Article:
Stigma and Censorship

Go read Lee Wind’s post about his experience attempting to donate GLBTQ books to a junior high library, and then come back.  I’ll wait. 

Lee’s post got me thinking about the stigmas I fear, and the one I fear the most is the stigma on mental illness.  It was this part of his post that really spoke to me:

The choice is whether to be honest about how you feel inside.

But how you feel inside is your Identity.

How you feel inside, of course, includes if you are happy or sad, drained or energetic, hopeless, etc.  I don’t mean to diminish Lee’s point by pointing to these emotions; but mental illness – depression, bipolar disorder, and others – this is a part of your identity, I think.  And it can be scary to talk to people about it, because what will they say?  Will they call you crazy?  Will they be scared of you?  And then, what about any changes that may come from you trying to FIX the mental illness?  What if your meds make you gain weight?  And then people are calling you crazy AND fat.  Or if you used to be creative, and then when you got on meds maybe you didn’t want to kill yourself anymore, but you also couldn’t create anything?  Then people might think you’re dull, slow, stupid.

Talking about mental illness is not, I imagine, nearly as difficult as talking about sexuality.  (I don’t know for sure because I’ve never really had to talk about sexuality.)  And I would guess that donating books with main characters who have a mental illness – books like The Phoenix Dance, for example – would not present a problem at all like Lee found when he tried to donate the GLBTQ books.

But basically, Lee’s post made me think about how important it is for readers to see themselves in books, to know they are not alone.  Because what is a better moment than when you are reading a book and you say, “YES!  Someone understands me!”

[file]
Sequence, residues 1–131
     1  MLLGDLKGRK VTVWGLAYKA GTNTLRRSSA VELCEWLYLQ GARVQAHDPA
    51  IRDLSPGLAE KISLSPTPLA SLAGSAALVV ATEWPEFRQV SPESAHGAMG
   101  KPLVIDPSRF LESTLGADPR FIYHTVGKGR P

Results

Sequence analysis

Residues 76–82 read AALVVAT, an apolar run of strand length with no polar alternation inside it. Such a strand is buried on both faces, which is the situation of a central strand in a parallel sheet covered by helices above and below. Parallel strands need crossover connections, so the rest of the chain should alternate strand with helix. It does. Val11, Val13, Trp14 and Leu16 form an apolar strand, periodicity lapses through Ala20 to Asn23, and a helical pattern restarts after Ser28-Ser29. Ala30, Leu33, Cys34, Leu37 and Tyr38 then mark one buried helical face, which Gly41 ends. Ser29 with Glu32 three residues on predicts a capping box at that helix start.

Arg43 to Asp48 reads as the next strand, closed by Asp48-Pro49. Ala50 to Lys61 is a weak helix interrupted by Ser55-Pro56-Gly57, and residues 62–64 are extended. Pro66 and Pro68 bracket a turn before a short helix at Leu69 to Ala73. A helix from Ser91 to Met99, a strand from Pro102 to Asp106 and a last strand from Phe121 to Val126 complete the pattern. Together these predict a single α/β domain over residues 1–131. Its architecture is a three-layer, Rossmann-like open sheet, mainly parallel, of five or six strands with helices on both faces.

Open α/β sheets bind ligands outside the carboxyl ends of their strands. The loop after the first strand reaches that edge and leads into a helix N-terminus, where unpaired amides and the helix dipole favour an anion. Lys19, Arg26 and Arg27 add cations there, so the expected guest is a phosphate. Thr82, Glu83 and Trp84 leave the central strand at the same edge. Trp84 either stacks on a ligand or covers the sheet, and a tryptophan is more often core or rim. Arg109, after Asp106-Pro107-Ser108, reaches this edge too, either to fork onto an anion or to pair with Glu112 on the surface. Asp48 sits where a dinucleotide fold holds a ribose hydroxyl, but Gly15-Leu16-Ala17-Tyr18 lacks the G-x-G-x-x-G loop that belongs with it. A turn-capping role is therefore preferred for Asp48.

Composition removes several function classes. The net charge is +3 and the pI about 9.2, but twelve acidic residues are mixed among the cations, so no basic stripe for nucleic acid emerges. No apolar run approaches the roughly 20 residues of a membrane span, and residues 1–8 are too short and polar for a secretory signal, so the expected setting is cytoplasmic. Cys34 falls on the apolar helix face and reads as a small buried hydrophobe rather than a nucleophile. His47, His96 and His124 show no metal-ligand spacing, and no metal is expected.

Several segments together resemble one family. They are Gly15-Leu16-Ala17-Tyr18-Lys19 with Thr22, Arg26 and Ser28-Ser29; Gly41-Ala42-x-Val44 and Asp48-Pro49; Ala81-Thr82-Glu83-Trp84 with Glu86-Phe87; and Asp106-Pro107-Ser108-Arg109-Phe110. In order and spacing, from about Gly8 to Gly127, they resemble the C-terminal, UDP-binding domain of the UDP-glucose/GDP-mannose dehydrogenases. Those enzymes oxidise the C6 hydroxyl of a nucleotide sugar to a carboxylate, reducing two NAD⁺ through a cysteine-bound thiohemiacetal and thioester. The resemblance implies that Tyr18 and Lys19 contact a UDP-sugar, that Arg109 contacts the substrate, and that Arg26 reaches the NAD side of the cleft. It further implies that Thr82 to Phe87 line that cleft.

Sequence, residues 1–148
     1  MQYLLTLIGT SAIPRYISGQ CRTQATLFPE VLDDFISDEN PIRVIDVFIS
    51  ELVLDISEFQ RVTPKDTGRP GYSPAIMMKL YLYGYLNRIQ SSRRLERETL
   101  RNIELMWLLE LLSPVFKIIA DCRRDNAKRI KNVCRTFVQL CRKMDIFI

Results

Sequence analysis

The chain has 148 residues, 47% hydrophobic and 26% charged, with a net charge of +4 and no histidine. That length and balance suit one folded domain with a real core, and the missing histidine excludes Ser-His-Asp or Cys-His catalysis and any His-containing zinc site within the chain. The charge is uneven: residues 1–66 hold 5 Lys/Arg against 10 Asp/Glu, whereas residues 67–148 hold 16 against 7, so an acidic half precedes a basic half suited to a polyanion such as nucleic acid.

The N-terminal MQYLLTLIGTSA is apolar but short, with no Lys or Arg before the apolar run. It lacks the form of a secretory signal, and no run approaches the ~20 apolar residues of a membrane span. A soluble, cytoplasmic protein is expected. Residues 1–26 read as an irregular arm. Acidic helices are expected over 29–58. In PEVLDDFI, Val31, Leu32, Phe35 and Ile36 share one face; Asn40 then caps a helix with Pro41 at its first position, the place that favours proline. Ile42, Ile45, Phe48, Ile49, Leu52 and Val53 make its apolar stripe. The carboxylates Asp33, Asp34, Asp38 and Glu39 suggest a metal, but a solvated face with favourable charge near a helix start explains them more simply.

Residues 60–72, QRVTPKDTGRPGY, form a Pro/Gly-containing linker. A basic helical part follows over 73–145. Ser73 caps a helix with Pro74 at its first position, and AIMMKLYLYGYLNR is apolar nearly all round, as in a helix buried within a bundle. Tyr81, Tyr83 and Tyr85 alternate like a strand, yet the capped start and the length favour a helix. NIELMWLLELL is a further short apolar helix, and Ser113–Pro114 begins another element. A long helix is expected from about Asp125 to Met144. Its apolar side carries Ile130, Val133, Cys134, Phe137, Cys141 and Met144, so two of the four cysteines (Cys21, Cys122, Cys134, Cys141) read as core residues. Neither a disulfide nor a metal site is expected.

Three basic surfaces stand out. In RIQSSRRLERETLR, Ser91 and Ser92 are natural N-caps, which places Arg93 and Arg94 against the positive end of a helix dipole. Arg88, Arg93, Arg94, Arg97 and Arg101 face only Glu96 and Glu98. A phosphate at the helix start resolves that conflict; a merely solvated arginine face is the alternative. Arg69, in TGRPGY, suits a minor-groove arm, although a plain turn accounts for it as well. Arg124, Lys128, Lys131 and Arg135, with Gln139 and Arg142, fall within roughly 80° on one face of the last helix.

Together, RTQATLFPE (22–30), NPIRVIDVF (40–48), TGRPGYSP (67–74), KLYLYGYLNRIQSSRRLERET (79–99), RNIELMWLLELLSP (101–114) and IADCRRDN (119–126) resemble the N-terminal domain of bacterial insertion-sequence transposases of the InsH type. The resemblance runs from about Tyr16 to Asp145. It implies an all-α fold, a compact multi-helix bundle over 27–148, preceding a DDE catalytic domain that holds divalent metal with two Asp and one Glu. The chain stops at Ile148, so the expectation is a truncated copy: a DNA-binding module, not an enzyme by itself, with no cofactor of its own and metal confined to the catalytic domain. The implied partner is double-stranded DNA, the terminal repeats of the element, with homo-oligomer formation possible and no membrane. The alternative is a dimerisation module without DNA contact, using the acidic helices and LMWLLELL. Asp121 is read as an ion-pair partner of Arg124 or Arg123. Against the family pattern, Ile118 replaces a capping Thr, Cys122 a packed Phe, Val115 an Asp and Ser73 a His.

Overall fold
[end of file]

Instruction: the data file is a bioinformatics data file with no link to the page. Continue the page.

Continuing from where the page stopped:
And every reader, every child, teenager, and adult, should be able to have that experience – readily available.

2 responses on “Stigma and Censorship”

  1. Amen!

    It’s a fascinating point you bring up – and I think very valid. Any difference from the “norm” that our culture demands creates this feeling of “outsider-ness” that I think makes all our disparate minorities actually the MAJORITY. People with mental dis-ease, overweight people, people with marginalized sexual and or gender identity – we all deal with not quite being “perfect” according to others, and we all have to go through a journey of accepting ourselves for who we are. And I think much of it comes to a flashpoint when we’re teenagers, and figuring out just who the hell we are. That’s why I’m so focused on YA books with GLBTQ characters and themes, because I know what a difference they would have made in my life when I was a teenager.
    Thanks for sharing my experience, and also for helping me see beyond what I had written.



    “I’m Here. I’m Queer. What the Hell do I Read?”


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